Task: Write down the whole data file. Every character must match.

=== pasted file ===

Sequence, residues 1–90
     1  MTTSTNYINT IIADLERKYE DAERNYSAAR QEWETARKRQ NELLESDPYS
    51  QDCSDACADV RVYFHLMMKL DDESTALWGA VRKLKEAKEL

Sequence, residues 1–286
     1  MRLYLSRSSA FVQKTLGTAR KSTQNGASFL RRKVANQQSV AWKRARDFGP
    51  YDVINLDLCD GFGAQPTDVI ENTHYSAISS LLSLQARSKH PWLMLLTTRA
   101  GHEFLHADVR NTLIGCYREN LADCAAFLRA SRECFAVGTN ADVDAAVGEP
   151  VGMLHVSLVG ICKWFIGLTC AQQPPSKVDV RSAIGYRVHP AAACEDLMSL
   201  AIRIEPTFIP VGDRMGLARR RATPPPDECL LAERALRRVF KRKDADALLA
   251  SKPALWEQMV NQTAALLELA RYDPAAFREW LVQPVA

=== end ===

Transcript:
Sequence, residues 1–90
     1  MTTSTNYINT IIADLERKYE DAERNYSAAR QEWETARKRQ NELLESDPYS
    51  QDCSDACADV RVYFHLMMKL DDESTALWGA VRKLKEAKEL

Sequence, residues 1–286
     1  MRLYLSRSSA FVQKTLGTAR KSTQNGASFL RRKVANQQSV AWKRARDFGP
    51  YDVINLDLCD GFGAQPTDVI ENTHYSAISS LLSLQARSKH PWLMLLTTRA
   101  GHEFLHADVR NTLIGCYREN LADCAAFLRA SRECFAVGTN ADVDAAVGEP
   151  VGMLHVSLVG ICKWFIGLTC AQQPPSKVDV RSAIGYRVHP AAACEDLMSL
   201  AIRIEPTFIP VGDRMGLARR RATPPPDECL LAERALRRVF KRKDADALLA
   251  SKPALWEQMV NQTAALLELA RYDPAAFREW LVQPVA